ROCKVILLE , Md., Sept. 10, 2013 /PRNewswire/ -- Neuralstem, Inc. (NYSE MKT: CUR) announced that the first patient was treated in its Phase II trial using NSI-566 spinal cord-derived neural stem cells in the treatment of amyotrophic lateral sclerosis (ALS or Lou Gehrig's disease) at Emory University Hospital in Atlanta, Georgia. The Phase II dose escalation and safety trial, taking place at Emory and at the University of Michigan Health System, is designed to treat up to 15 patients in five different dosing cohorts. All of the patients will be ambulatory and reside within the geographic region of the research center where they will participate. The first 12 patients will receive injections in the cervical region of the spinal cord only, where the stem cells could help preserve breathing function. The final three patients will receive both cervical and lumbar injections. The dose will also increase in both number of injections and cells per injection throughout the trial. In Phase I, the trial progressed to a maximum of 15 injections of 100,000 cells each. In Phase II, the trial will advance up to a maximum of 40 injections and up to 400,000 cells per injection.
"The primary goal of our Phase II trial is identify the maximum-safe tolerated dose," said Karl Johe, PhD, Neuralstem's Chairman of the Board and Chief Scientific Officer. "We also hope to transplant all of the patients in the trial by the completion of the second quarter of 2014. We are focused on cervical injections in this trial, which is the region of the spine that controls the breathing function, and where we believe we can have the strongest influence on the patients' quality of life and longevity."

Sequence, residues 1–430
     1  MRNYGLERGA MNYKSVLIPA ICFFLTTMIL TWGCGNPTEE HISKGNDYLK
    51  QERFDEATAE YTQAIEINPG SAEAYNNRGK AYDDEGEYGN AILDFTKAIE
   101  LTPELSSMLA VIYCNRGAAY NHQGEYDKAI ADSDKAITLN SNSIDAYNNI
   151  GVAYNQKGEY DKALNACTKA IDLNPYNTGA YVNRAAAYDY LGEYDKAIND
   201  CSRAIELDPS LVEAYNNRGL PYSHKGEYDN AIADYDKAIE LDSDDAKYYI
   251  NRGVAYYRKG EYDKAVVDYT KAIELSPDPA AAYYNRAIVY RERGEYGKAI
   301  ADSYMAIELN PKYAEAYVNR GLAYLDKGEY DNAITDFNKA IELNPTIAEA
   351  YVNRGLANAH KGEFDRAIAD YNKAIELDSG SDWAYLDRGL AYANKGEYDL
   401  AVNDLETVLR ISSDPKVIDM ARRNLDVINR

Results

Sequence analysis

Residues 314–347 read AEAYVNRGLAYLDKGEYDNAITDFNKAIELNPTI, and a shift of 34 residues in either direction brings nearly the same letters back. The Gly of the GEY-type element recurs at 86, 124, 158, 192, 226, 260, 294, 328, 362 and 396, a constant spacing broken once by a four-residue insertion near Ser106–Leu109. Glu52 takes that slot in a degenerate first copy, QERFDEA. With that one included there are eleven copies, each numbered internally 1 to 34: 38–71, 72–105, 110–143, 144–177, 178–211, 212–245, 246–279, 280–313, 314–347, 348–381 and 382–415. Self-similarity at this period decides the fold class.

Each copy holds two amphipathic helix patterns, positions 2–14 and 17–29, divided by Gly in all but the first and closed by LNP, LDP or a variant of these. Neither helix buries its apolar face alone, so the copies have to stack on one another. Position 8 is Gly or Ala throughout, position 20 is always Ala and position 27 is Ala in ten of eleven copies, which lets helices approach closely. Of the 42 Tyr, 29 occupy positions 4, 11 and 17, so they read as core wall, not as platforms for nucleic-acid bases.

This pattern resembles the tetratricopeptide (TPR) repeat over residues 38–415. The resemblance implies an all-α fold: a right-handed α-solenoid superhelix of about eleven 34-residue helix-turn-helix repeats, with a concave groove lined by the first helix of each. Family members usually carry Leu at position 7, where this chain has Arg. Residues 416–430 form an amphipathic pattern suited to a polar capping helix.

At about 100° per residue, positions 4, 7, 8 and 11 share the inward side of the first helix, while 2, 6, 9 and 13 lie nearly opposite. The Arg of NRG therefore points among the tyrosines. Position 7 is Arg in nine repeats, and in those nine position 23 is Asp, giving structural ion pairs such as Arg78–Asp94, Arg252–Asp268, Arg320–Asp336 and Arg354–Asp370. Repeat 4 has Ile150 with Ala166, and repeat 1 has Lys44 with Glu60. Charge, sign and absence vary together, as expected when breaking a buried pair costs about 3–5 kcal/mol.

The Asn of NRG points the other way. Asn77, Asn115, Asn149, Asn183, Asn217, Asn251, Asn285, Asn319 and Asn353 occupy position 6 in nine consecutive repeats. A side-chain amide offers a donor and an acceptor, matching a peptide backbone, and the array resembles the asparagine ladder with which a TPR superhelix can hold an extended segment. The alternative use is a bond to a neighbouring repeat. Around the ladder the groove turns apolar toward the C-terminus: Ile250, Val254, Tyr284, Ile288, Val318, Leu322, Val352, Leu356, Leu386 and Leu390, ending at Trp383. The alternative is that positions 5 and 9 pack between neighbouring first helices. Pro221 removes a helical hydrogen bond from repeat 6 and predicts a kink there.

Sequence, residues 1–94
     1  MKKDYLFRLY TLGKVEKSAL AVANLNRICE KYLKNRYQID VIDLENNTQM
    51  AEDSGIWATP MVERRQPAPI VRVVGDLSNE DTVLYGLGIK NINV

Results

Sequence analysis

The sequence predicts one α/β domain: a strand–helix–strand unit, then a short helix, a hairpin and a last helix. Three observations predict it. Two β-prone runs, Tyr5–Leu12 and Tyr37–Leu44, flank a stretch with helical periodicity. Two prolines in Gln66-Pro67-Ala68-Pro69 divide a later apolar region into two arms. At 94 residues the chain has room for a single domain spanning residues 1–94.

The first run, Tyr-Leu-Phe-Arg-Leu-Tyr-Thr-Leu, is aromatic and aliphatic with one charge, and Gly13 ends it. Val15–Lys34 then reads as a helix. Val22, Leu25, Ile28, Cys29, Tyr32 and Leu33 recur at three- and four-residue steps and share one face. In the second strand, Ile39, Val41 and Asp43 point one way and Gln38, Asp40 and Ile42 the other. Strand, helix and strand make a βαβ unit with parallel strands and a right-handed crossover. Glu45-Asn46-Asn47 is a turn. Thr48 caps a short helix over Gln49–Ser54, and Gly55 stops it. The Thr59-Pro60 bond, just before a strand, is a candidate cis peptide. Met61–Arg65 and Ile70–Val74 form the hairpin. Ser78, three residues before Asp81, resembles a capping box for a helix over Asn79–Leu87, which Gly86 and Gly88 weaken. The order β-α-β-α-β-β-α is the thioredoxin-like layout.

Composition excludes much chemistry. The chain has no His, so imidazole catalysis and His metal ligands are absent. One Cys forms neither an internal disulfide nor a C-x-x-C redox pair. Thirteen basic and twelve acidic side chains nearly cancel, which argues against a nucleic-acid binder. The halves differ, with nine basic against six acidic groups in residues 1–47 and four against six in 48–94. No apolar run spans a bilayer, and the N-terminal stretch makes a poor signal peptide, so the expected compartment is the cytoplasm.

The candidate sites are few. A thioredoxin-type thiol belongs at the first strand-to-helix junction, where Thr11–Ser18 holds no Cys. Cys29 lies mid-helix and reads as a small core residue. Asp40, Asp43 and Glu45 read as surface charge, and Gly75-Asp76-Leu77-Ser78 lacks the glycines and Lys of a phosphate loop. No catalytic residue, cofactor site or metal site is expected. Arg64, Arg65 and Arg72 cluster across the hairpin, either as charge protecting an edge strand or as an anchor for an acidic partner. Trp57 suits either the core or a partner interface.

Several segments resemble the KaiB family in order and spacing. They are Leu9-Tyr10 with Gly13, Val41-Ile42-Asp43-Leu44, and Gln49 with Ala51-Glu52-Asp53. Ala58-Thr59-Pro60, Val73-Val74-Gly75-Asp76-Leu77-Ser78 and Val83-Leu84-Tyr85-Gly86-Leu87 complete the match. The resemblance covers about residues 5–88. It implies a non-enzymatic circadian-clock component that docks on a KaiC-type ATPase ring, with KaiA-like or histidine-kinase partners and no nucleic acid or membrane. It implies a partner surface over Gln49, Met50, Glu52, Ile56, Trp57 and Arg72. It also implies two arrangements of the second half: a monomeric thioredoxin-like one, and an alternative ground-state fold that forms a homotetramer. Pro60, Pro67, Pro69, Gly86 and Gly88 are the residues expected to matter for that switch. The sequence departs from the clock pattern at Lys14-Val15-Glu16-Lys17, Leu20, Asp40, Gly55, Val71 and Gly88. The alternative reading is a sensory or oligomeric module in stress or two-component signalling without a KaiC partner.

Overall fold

Patients seeking information on the trial should contact the relevant center. For the University of Michigan Health System, please visit: https://umclinicalstudies.org/HUM00072488. For Emory Healthcare, please call (404) 778-7777.About Neuralstem Neuralstem's patented technology enables the ability to produce neural stem cells of the human brain and spinal cord in commercial quantities, and the ability to control the differentiation of these cells constitutively into mature, physiologically relevant human neurons and glia. Neuralstem's NSI-566 spinal cord-derived stem cell therapy is in an FDA-approved Phase II clinical trial for amyotrophic lateral sclerosis (ALS), often referred to as Lou Gehrig's disease. Neuralstem has been awarded orphan status designation by the FDA for its ALS cell therapy. In addition to ALS, the company is also targeting major central nervous system conditions with its NSI-566 cell therapy platform, including spinal cord injury, ischemic stroke and glioblastoma (brain cancer). The company has received FDA approval to commence a Phase I safety trial in chronic spinal cord injury.
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